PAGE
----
We all have that friend who can put away a bucket full of fries and toss back soda without it taking an effect. However as you look on with jealousy, it might help to know that thin doesn’t always mean healthy!
In today’s society, we focus a lot on outward appearances, or the number on the scale. Now, that can be a good indicator of how healthy you are, but it doesn’t tell the whole story, and that is why it is becoming increasingly common to find people who are ‘skinny fat’, or to use the scientific term, to suffer from normal weight obesity (NWO).
What is ‘skinny fat’?
Being ‘skinny fat’ means that although you may look great in clothes, you may be flabby or without any muscle definition underneath. For many of us, our health goals are geared toward vanity — or at least when we start out — so you can see how many get into this position.
Why doesn’t skinny always equal healthy?
There are a number of reasons why being thin doesn’t necessarily mean you’re healthy.
- It’s all about the kind of fat
Depending on the kind of fat, you may be more at risk from negative effects such as diabetes or heart problems. For example, fat that is deposited just underneath the skin doesn’t contribute to these disorders all that much, whereas fat which accumulates in deeper tissues and organs can put you at greater risk. Skinny people may not have much visible fat under their skin, but could have fat deeper in their bodies, embedded in organs such as the liver.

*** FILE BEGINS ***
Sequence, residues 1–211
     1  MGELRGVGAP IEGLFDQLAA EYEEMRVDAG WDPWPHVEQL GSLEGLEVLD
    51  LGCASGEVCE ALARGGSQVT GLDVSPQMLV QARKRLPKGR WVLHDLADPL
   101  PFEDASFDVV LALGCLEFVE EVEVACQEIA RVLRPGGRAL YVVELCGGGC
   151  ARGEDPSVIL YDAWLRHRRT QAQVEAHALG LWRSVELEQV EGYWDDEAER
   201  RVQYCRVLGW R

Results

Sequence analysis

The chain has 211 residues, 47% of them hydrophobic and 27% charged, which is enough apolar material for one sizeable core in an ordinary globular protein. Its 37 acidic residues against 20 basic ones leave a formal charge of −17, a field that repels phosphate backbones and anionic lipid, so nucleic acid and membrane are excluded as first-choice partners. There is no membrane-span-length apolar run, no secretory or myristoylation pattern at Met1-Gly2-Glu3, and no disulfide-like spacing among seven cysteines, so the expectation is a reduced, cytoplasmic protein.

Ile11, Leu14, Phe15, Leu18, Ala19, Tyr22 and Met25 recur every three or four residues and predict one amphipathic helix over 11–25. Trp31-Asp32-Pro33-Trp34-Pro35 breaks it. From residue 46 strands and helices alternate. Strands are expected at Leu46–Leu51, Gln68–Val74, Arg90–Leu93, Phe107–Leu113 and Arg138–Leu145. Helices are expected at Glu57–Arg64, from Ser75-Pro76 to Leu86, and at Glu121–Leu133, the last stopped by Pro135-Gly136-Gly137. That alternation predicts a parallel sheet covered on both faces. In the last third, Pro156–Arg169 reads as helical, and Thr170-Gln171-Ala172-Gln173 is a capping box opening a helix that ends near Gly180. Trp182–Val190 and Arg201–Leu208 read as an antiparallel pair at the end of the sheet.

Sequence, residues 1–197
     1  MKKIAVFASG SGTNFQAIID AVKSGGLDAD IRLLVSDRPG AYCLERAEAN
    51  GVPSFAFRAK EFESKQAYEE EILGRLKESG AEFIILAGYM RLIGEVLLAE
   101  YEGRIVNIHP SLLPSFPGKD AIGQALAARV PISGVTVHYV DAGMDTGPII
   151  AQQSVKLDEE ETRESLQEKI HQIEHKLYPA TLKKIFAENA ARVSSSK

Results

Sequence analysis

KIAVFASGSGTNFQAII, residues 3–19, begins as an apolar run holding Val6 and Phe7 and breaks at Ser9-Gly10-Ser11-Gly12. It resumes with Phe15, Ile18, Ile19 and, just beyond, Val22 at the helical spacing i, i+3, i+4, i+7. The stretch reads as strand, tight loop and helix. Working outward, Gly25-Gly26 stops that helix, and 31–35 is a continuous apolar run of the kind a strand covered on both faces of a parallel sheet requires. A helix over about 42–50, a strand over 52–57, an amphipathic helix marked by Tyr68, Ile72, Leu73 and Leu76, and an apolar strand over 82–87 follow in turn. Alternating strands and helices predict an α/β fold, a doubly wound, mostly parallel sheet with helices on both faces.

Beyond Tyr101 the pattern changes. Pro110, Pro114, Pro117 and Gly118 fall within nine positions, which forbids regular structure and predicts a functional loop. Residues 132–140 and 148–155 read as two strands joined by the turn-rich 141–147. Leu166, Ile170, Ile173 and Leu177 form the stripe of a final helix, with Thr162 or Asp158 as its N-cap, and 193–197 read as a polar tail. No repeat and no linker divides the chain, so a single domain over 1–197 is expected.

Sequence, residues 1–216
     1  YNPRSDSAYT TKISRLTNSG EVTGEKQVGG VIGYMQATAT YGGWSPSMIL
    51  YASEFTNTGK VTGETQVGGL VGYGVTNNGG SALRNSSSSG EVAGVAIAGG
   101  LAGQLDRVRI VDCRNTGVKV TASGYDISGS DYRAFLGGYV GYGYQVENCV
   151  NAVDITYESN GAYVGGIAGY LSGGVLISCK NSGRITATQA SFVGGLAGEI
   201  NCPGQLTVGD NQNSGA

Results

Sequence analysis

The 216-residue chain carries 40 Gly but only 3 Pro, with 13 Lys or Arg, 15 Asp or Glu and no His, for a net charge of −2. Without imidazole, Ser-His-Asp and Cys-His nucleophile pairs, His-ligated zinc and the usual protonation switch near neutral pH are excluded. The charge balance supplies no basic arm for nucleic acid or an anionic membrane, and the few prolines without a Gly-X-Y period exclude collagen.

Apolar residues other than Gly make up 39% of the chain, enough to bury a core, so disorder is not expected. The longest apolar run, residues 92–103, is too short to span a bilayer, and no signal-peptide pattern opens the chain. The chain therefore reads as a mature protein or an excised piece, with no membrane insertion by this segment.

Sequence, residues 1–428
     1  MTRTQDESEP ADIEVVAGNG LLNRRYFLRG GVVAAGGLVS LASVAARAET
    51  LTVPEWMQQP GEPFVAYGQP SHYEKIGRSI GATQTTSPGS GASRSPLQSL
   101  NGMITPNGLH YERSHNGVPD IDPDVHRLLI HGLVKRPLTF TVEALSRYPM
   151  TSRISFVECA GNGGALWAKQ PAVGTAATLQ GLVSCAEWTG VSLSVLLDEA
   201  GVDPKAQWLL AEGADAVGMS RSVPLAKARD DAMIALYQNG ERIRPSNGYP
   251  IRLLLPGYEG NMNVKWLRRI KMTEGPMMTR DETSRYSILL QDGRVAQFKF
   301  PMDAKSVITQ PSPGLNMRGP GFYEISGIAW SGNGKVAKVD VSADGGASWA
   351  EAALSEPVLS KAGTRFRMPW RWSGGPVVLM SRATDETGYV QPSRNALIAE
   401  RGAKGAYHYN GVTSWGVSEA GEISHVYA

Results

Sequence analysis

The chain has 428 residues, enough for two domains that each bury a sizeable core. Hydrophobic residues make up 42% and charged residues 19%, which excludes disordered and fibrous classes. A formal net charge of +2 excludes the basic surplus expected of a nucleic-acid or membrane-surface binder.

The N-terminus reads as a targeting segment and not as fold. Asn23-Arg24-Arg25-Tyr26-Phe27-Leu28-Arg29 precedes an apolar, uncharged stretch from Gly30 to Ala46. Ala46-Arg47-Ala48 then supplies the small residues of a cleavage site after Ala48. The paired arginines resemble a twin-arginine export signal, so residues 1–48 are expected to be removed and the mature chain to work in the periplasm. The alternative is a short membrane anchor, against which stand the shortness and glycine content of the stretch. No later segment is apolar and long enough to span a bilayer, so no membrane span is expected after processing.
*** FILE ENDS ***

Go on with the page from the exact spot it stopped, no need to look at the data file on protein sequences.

- It can make you skip regular health check ups
When you’re thin, you’re less likely to go for regular check up for things like diabetes, cholesterol and high blood pressure. This is because these health issues are often associated with being overweight. But diet and exercise play a part too, and even with a high metabolism, you can suffer from these diseases later in life.
- You may be skipping exercise
If you’re thin, you may think that you don’t need to exercise because you’re not relying to lose weight. But exercise is important for lowering cholesterol and starving off diabetes too!
For these reasons, scientists at the Mayo Clinic have found that more than half of those with normal weights and BMIs actually had “high body-fat percentages as well as heart and metabolic disturbances”. This means they had the same risks of coronary disease, diabetes and other chronic illnesses as people who weighed much more.
What steps can I take to ensure I’m healthy?
If you’re worried about how much body fat you have, even if you’re skinny, start with these steps to make sure you’re not in a false sense of security;
- Stop focusing on the pounds. It’s true that if you are trying to lose weight you will be more likely to succeed if you weigh yourself often, but seeing numbers in a healthy range may actually disguise your heart disease risk.
- Measure your body fat at home by wrapping a cloth measuring tape around your naked waist, just above your belly button. If your weight is pretty normal, but the number on the measure is 35 inches or more, you may have NWO. For a more accurate reading, ask your doctor!